Jaeger-LeCoultre Gold Cup – Quarter finals Day 1

valienteValiente and Zacara Advance to Semifinals With Command Performances

By Darlene Ricker

Valiente and Zacara advance to the semifinals of the 2016 Jaeger-LeCoultre Gold Cup for the British Open. The two convincingly won their respective quarterfinal matches Saturday, the outcome of neither games ever really appearing in doubt. Valiente rolled over Clarke & Green 14-7 and Zacara took HB Polo 12-9. It was a stunning performance by both victors.

The first match of the day was 42 minutes of war between the 10-goalers (Pablo MacDonough and David “Pelón” Stirling). HB Polo scored the first goal, with Stirling keeping the ball close and floating behind MacDonough until he could pull ahead for the approach shot. However, that was the only time HB Polo held the lead all day. Other than coming from behind later on to tie the score twice (Ignacio “Cubi” Toccalino in the third chukka and Stirling in the fourth, both from the penalty line), everything accelerated downhill for HB Polo like a snowball careening down Mt. Everest.

It was clear from the get-go that something was off kilter. HB’s uncharacteristic lack of sync turned into devastating loss for a team that have been impressive all season. In both the Gold Cup and the Queen’s Cup, HB Polo made it through to the quarterfinals. Until then HB Polo performed superbly in the British Open, never losing by more than one or two goals and just a week ago defeating Zacara 12-10. It’s anyone’s guess went awry in Saturday’s repeat matchup. Maybe there was a glitch in HB’s strategy, or perhaps the polo gods were in a punishing mood—or, as everyone knows in this sport, sometimes it’s your day, sometimes it isn’t.

Stirling and Toccalino just weren’t clicking as well as they had in previous games. To make matters worse, most of the time neither had enough space to hit the ball. It rapidly dissolved into a game of margins, where repeated simple mistakes made the difference between a goal and a miss for HB Polo. Zacara capitalized on nearly every one of their opponent’s errors. They turned HB’s tactic from the previous game around on them and adopted it for themselves, blocking plays like stone walls and dominating the knock-ins. Right after Toccalino tied the game at 5, Tom Brodie scored from the knock-in for Zacara. HB just couldn’t catch a break, and all told it seemed more a matter of their losing the game than Zacara winning it. (In fairness it should be noted that Stirling scored in every chukka, and this was the first season he and Toccalino played together as teammates.)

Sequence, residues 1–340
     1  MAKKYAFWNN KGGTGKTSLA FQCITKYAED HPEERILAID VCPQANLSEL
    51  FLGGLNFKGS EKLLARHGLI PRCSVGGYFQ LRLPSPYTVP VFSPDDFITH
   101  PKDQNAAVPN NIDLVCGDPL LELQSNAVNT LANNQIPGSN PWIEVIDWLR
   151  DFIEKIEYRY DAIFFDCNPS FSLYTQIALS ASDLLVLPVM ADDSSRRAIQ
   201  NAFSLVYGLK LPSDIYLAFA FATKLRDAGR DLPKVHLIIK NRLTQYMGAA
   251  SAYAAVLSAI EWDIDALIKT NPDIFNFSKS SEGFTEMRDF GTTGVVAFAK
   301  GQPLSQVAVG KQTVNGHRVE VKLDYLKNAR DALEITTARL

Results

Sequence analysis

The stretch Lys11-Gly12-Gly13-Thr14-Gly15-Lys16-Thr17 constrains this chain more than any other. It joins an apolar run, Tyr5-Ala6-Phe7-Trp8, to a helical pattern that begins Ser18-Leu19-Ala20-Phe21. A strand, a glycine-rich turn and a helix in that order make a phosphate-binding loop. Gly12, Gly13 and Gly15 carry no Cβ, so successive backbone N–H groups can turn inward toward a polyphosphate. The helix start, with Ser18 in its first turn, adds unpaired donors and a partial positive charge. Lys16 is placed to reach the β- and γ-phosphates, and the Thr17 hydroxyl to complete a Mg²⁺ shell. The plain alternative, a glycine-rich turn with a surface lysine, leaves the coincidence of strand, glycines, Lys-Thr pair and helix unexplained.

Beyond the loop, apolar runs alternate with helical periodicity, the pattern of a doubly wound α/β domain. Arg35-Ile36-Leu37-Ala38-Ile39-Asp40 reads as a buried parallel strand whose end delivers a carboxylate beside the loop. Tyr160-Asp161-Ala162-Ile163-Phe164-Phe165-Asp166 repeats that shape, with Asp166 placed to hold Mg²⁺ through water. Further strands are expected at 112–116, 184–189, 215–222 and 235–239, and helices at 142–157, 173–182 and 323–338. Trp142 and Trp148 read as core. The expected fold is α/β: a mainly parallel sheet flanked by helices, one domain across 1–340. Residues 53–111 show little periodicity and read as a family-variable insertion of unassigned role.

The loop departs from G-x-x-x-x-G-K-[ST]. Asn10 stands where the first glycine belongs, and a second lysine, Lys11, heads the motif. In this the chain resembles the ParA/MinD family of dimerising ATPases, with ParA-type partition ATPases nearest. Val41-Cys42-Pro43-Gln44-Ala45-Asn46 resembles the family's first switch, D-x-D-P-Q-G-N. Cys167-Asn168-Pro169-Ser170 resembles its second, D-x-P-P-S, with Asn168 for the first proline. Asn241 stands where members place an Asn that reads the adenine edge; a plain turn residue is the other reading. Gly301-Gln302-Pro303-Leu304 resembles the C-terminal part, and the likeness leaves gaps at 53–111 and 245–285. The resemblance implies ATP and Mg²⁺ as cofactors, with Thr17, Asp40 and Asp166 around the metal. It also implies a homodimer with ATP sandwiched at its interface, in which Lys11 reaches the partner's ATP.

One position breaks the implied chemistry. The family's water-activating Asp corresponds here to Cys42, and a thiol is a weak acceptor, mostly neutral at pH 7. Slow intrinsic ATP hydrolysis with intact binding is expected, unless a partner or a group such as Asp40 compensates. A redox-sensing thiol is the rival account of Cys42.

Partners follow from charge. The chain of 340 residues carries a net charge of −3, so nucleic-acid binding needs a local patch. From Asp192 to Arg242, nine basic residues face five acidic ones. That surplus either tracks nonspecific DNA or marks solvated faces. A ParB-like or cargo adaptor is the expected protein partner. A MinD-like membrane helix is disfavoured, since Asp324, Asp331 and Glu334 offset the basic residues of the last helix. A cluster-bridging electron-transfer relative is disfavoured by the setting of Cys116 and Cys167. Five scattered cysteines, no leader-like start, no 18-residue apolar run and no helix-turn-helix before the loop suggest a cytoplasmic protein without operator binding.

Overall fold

The connection between Zacara’s 10-goaler Pablo MacDonough and Lucas Monteverde (an invincible 8-goaler) was unshakable. Zacara had a free man at critical moments—and when it was MacDonough, he was so quick on the ball and his horses so fast that he forced HB Polo into a game of “catch me if you can.” He pounced when Stirling was on the approach to goal in the third, edging him off stride and preventing what looked like a sure goal in the works.

The fifth chukka came down to a one-on-one duel between Stirling and MacDonough. Stirling found some space, maneuvered his way past MacDonough and dashed into goal, tightening the gap to one (9-8 for Zacara). Zacara began to show some tension, and things went a little western for a bit. MacDonough came out on top of a vigorous scrap to score, promptly doing so again from the goal line. The game ended 12-9 for Zacara.

* * *

The second quarterfinal match was all Valiente, all the way. But it wasn’t all Adolfo Cambiaso and Juan Martín Nero, although their names were, as usual, emblazoned all over the scoreboard. Cambiaso’s brilliant lineup change two games ago (after patron Bob Jornayvaz was sidelined with a broken foot) was a major factor in Valiente’s 14-7 massacre of Clarke & Green.

Cambiaso is not only an unparalleled talent in the history of the sport, but he also knows how to spot talent in others, as well as how to develop it and use it to the best advantage of a team. When he noticed that something wasn’t working during Valiente’s shocking loss to La Indiana earlier in the tournament, he spent a few days rotating several of his players in practice matches. The configuration that worked best was to incorporate young Rob Jornayvaz into the lineup as No. 1 and Kian Hall as No. 2.

Jornayvaz is 23 and Hall 18, and both 1-goalers are playing in their first British Open. For Hall this marks his first season competing in high-goal. Cambiaso saw in the two not just talent but a rare thread of confidence and nerves of steel for such young players. Since the lineup change Valiente has won every game hands-down. Saturday a pass from Jornayvaz to Hall brought Valiente ahead 8-2 in the third chukka. In the fourth Jornayvaz held John Paul Clarkin at bay while Cambiaso buzzed in out of nowhere to score, casting a pleased look at Jornayvaz as he passed by. Hall made five goals on the day and Jornayvaz scored once, together accounting for almost half of Valiente’s total goals. (So much for pigeonholing Valiente as a “two-man team.”)

HB Polo
Ludovic Pailloncy 1
Ignacio Toccalino 8
David Stirling 10
Sebastien Pailloncy 3

Tom Brodie 3
Lyndon Lea 1
Lucas Monteverde 8
Pablo MacDonough 10

Robert Joynayvaz 1
Kian Hall 1
Adolfo Cambiaso 10
Juan Martín Nero 9

Clarke & Green
Nick Clarke 1
Juan Zavaleta 7
John Paul Clarkin 7
Luke Tomlinson 7


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